Playing for keeps (2012) - Can't Stop the Movies
Can't Stop the Movies
13Mar/130

Playing for keeps (2012)

There's some humilityAndrew DISLIKE BannerTry and see this much in Gerard Butler, the man is learning.  He's at least gone from playing an insufferably smug golden god in romantic comedies to at least having a sense of humility about himself.  It's at least some sign of growth in a man who it seems was never going to get beyond the role of an alpha male in every one of his films.

Now, absolutely nothing positive I said about Butler can be applied to the rest of Playing for keeps.  I have no idea what the stakes in this film are really supposed to be.  It seems that completely unmooring Butler from his standard role as the ultimate machismo jackass has also stranded him in films with little idea of what to do with him.  In all fairness to Butler, as confused as he looks with those "What performance to I give here?" eyes I think it would have taken several long nights of light substance abuse and workshopping to even pull basic drama from this scenario.

Life still gives us some small miracles at times and there is a hilariously coked out performance from the normally stoic Dennis Quaid in the middle of all this mediocrity.  Heck, it might have even given some folks pause about who to center the film on.

The love letter of a Strong Independent Woman.

The love letter of a Strong Independent Woman.

Butler is dead-center on the poster so he's who we're stuck with.  He's George, a once-popular and talented soccer player who has fallen on hard times.  The way we know George has experienced any change at all is due to a jarring transition between the badly green-screened George playing in some professional games and the now depantsed George filming promo tapes for a sportscaster job.  Don't bother asking what happened in the midterm, because all you need to know is that George is now a very sad man.

Not only that because, following the screenwriters empathy pretraining course, George is also trying to patching things up with his ex-wife (Jessica Biel) and approaching the vanishing point of positive relations with his son (Noah Lomax).  Their names?  Don't matter - her role is to quiver her lip slightly whenever it seems George is going to change (again, from what? Won't say) and the little guy seemed cast for his freckle to exposed skin ratio more than anything else.  Neither is bad exactly, they just don't have anything to do other than play roles that wait for George to come right back to them.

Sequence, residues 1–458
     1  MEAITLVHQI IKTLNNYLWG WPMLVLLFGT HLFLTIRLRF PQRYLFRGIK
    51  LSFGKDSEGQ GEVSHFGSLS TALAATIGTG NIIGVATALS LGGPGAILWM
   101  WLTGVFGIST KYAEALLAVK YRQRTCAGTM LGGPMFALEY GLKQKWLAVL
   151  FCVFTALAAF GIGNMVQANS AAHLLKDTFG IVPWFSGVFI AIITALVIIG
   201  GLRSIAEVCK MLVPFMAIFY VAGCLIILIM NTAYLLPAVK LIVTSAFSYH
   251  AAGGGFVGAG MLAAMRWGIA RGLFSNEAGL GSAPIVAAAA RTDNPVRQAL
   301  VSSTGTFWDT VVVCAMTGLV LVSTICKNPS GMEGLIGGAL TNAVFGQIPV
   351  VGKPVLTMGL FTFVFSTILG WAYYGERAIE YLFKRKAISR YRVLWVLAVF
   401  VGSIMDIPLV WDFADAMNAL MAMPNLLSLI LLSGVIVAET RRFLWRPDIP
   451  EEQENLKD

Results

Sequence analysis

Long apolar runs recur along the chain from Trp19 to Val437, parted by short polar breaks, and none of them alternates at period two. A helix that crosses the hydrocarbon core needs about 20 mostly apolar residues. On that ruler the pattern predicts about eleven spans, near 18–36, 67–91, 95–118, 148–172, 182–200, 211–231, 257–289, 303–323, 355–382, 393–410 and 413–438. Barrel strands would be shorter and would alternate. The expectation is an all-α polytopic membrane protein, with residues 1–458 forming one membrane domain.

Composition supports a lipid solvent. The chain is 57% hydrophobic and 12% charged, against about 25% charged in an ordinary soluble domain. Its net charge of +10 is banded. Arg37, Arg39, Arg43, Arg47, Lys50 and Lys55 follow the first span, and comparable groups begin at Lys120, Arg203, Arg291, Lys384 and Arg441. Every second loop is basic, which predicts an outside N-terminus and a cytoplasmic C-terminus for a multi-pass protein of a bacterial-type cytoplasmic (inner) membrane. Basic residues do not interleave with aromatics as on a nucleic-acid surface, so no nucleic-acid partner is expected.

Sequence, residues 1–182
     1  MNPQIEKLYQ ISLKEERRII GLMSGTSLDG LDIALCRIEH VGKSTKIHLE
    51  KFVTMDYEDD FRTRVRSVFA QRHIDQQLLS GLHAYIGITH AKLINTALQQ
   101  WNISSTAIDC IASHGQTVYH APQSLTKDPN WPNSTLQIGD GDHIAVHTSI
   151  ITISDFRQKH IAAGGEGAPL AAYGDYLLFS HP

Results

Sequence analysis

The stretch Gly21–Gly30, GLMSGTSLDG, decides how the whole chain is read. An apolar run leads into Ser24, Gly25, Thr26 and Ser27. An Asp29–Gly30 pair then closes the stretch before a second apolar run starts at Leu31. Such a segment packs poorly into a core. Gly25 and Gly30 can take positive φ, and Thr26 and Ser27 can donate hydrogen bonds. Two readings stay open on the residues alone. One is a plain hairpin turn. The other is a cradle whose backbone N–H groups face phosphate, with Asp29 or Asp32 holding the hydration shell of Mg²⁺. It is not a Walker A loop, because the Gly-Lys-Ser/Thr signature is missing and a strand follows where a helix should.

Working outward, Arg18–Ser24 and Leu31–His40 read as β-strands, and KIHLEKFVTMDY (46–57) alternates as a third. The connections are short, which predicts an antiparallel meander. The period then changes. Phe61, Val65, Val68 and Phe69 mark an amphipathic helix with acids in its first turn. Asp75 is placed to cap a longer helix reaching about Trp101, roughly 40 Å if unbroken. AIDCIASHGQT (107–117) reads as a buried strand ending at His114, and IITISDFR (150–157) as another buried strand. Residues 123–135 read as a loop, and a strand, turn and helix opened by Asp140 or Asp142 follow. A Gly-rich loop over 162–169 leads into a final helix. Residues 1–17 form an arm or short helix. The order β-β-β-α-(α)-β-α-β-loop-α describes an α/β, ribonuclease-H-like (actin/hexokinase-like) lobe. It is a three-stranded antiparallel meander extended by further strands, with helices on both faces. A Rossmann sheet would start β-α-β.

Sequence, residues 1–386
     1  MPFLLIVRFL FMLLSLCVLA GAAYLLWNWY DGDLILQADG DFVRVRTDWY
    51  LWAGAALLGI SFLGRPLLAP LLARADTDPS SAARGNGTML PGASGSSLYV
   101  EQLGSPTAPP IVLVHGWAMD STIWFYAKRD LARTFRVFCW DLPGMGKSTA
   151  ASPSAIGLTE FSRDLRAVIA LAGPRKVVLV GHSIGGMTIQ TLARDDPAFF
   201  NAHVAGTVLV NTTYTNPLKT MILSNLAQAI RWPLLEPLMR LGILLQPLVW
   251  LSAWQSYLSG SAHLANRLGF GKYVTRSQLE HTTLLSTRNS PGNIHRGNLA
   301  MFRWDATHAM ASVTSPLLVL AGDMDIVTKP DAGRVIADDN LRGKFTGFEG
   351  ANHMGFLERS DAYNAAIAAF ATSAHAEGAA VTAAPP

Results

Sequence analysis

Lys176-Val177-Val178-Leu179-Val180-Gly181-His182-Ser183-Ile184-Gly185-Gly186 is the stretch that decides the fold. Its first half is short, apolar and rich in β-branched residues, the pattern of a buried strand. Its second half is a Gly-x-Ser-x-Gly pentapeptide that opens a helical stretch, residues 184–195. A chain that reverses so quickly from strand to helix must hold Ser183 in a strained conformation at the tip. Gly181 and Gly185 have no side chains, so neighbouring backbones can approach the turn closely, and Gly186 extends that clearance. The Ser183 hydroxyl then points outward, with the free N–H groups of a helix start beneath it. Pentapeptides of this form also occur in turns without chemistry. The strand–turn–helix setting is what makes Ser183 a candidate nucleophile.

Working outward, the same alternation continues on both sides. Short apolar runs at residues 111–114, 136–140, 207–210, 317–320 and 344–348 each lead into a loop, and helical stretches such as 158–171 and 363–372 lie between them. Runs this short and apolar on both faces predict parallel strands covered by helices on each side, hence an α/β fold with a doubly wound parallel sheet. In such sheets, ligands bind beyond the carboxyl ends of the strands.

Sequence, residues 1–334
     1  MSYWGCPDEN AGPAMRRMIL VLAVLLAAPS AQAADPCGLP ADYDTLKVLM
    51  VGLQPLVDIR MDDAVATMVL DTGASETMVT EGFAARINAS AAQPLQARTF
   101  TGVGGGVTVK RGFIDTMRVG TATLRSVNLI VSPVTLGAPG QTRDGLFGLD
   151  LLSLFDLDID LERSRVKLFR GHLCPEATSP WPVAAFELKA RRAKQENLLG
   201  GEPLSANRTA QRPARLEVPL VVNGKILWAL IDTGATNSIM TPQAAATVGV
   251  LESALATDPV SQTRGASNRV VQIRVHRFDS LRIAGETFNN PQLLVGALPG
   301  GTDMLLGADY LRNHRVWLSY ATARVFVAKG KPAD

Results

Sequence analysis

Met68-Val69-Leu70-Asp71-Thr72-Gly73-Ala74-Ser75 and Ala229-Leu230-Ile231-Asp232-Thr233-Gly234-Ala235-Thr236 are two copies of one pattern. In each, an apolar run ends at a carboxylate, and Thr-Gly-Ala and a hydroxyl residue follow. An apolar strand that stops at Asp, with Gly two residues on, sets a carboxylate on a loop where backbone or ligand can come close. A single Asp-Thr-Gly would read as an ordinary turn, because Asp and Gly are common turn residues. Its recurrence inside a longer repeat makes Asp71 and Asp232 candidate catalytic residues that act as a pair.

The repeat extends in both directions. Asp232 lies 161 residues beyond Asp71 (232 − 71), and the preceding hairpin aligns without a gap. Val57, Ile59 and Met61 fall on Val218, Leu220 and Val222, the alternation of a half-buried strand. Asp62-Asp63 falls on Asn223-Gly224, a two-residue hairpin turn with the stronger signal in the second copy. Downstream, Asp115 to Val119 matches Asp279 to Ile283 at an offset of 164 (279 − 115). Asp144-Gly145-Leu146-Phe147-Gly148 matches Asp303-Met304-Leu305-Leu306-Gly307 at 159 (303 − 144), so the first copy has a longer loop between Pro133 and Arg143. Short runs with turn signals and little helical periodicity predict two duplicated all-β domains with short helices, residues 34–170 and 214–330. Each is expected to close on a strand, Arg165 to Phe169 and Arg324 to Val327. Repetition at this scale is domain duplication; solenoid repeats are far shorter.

That can't quite be said of any of the plethora of female costars (including the great Judy Greer and Catherine Zeta-Jones) that, and I hate typing this, literally throw themselves at the hunky single father.  George ends up in this arrangement becomes the head coach for the soccer team his son plays on and finds his date book filled not by choice but by aggressive hormones.  Based on this film, it appears that sexually healthy adult women are now operating at barely above the boys of Porky's or Project X.  I hope you'll agree that this is not screenwriting progress.

Jessica Biel peruses the script - "Her lip quivers" - she delivers.

Jessica Biel peruses the script - "Her lip quivers" - she delivers.

The fringe elements of Playing for keeps do contain one element I liked that involves Quaid's coked-out role and a similarly unhinged Uma Thurman.  Were they not such talented performers I would assume that they had stumbled onto the set thinking the '80s never ended and just started rambling at people.  Thurman's written to have the same troubling uncontrollable lust for Butler but her few scenes with Quaid nervously sweating over themselves and this hunky new soccer man have a funny, energetic, and altogether curious subtext.  In a dark comedy they would be king and queen but here they're memorable bit players in a dull farce.

While researching just what could have potentially gone right with the production I stumbled upon the director, Gabriele Muccino.  He is the most sterilizing director working today.  I've weathered his work through The Pursuit of Happyness, which has the cleanest New York subway stations in the world, and the even more bizarrely clean Seven Pounds, which I almost recommend just because of the way it sidesteps everything troubling into one of the weirdest endings I have ever seen.  I'm not familiar with any of his Italian filma, but his American productions are barely worth remembering beyond one odd detail.

The whole story of Playing for keeps stems around if his ex-wife will remember how he looks shirtless.  That's it.  For those of you looking for drama, you won't find it in the story of the decent guy who happens to get laid a lot because he's still in great shape.  That is not the formula of powerful drama.

Playing for Keeps - TrailerPlaying for keeps (2012)
Directed by Gabriele Muccino.
Screenplay written by Robbie Fox.
Starring Gerard Butler, Jessica Biel, and Noah Lomax.

Posted by Andrew

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